To protect or not to protect
The best-defended environment is useless if your customers cannot get to your site.
This situation is the reality in the world of hosting and distributed denial-of-service (DDoS) attacks. Recently, I heard that hosting without security compared to buying a car without seat belts. Let me take the analogy of the car further and say hosting without DDoS mitigation protection is like driving your new car off the dealership lot without insurance.
What is DDoS?
Attackers use DDoS attacks to attempt to make an online service unusable by overwhelming it with a large volume of traffic from multiple sources. Here's another analogy to describe a DDoS attack: Consider a huge crowd of Black Friday shoppers trying to get through a single residential door at opening time, also known in marketing terms as a "Doorbusters" event.
These attacks create conditions in which the system denies legitimate users access to resources, both yours and your customers'. The bad actors are not trying to break into a protected environment to steal or destroy your data. They want to disrupt services and cause as much chaos for the legitimate uses of the resources as possible by generating a massive number of phony requests from a large number of computers worldwide that flood a target server. As a result, the target server spends all its resources serving requests and becomes virtually unavailable to users who actually need it.
Stateful days of DDoS
The days where traditional security tools such as firewalls and an Intrusion Prevention System (IPS) could help stop a DDoS attack by themselves are long gone.
Stateful devices, such as firewalls and an IPS, track all inbound connections for inspection and store them in a connection table. These devices match every data packet against the connection table to verify that the packet transmitted over an established legitimate connection. The connection table on stateful devices can handle tens of thousands of active connections, which is more than enough under a regular, day-to-day activity load.
Under the stress of a DDoS attack that can generate millions of packets per second, these stateful security devices, usually at the customer's network edge, must try to keep track of all the malicious incoming connections. The number of connections quickly exhausts the maximum limits of the device's connection table, preventing new connections from opening and blocking legitimate users from establishing connections.
Other attacks, such as amplification attacks, can significantly increase the volume of traffic by exploiting protocols with very high amplification factors. The amplification factor is the ratio between the size of the request and the response generated. For example, attackers can use an open memcached service to flood a victim by an amplification factor of up to 51,000 times the request size, as shown in the following table:
Reflection attacks occur when a bad actor spoofs the source address of request packets, posing as the target of the attack. Servers cannot differentiate legitimate from spoofed requests when attackers use the User Datagram Protocol (UDP). Therefore, the servers reply directly to the target of the DDoS attack. The response, which can come from tens of thousands of sources, can generate attacks of tens to many hundreds of gigabytes in size. This technique is very popular because it can use devices that are not compromised. The attack also hides the real IP address of the bad actor from both the victim's system and the abused server.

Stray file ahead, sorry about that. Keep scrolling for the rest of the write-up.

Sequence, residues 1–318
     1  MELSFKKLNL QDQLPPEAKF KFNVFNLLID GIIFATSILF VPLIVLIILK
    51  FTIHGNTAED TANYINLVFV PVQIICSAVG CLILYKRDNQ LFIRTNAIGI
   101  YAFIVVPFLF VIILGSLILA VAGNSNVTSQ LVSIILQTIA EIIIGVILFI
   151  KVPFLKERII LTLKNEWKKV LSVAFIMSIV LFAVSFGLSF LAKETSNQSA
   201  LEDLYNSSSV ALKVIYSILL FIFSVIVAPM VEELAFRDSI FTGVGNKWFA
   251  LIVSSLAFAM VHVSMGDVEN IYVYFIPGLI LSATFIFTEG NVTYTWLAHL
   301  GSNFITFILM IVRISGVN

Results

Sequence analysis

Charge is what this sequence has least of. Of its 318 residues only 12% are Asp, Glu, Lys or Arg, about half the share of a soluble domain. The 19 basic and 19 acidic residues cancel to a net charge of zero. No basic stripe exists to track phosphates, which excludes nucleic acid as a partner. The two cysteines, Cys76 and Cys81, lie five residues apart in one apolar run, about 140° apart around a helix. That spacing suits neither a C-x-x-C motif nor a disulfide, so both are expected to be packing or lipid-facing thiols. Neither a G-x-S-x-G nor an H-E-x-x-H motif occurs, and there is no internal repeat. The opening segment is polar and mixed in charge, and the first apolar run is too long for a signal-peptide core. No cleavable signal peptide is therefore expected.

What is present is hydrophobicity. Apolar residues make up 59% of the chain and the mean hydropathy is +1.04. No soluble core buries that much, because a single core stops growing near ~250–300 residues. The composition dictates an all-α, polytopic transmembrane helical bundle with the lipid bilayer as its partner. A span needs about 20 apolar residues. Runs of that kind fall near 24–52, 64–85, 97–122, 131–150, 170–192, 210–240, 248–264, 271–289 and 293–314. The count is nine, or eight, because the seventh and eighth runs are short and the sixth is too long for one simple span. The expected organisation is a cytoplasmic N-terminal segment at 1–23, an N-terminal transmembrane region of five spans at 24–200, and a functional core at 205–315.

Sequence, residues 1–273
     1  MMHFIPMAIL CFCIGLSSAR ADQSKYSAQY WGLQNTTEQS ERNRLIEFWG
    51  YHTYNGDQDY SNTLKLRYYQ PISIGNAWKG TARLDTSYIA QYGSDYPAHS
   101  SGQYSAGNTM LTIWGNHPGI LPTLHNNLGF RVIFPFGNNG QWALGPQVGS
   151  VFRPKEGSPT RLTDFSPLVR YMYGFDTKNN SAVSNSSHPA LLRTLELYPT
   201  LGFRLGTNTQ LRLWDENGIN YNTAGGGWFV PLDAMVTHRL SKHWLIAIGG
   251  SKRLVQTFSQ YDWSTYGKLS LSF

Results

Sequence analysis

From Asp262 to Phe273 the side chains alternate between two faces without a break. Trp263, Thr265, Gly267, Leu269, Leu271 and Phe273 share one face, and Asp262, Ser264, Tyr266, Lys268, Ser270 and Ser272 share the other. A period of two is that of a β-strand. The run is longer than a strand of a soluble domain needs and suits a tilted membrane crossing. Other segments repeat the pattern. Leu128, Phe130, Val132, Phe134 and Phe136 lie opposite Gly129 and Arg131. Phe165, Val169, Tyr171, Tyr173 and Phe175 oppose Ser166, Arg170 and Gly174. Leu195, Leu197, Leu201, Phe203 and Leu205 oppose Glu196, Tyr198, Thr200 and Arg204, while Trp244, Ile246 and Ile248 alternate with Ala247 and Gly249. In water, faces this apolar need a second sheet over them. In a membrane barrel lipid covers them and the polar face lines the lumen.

Too close to home
While many deploy security solutions close to the protected environment, you shouldn't try to mitigate vast volumes of traffic from DDoS attacks here. Instead, you want to mitigate DDoS attacks before they reach your network. This tactic is where an on-premises DDoS solution comes into play in today's world of network security. Effective solutions can detect and offload malicious traffic at the hosting provider's edge network, off-ramping traffic to dedicated scrubbing centers built to handle the volume of attack traffic from a DDoS attack.
There is no silver bullet device or solution that can defend or block 100% of malicious traffic and allow 100% of legitimate traffic through. Here, your traditional security tools come back into play by using a hybrid defense strategy for DDoS protection. You can have the on-premises DDoS solution take on the bulk of the attack, which also protects your dedicated security tools, allowing them to continue process traffic to your network.
Bottom line: Use all the security tools at your disposal to defend against DDoS and other bandwidth-onslaught attacks.
Why use Rackspace for DDoS mitigation services?
Rackspace delivers industry-leading SLAs and services. Our customers count on us to keep their systems safe and running 24x7x365. Our experts and anomaly-detection technologies are on-premises with your network equipment, so we can be the first to detect any anomalous traffic to your network. Rackspace DDoS Mitigation Services provide fast mitigation times because there’s no need to configure routing connections or DNS hosting changes. Our goal is to keep your infrastructure safe and your business online during a DDoS attack by offloading malicious traffic processing to our DDoS mitigation hardware.
DDoS Mitigation Services can help you keep your network safe from distributed denial-of-service attacks.
DDoS mitigation is available as a subscription service for proactive protection to identify malicious traffic with the first hostile packet, or as an on-demand service that can be activated if a security event is underway. Both services include expert setup and custom tuning of your IP-based DDoS protection. On-demand customers have the option to upgrade to the subscription service after 30 days with no additional setup fee.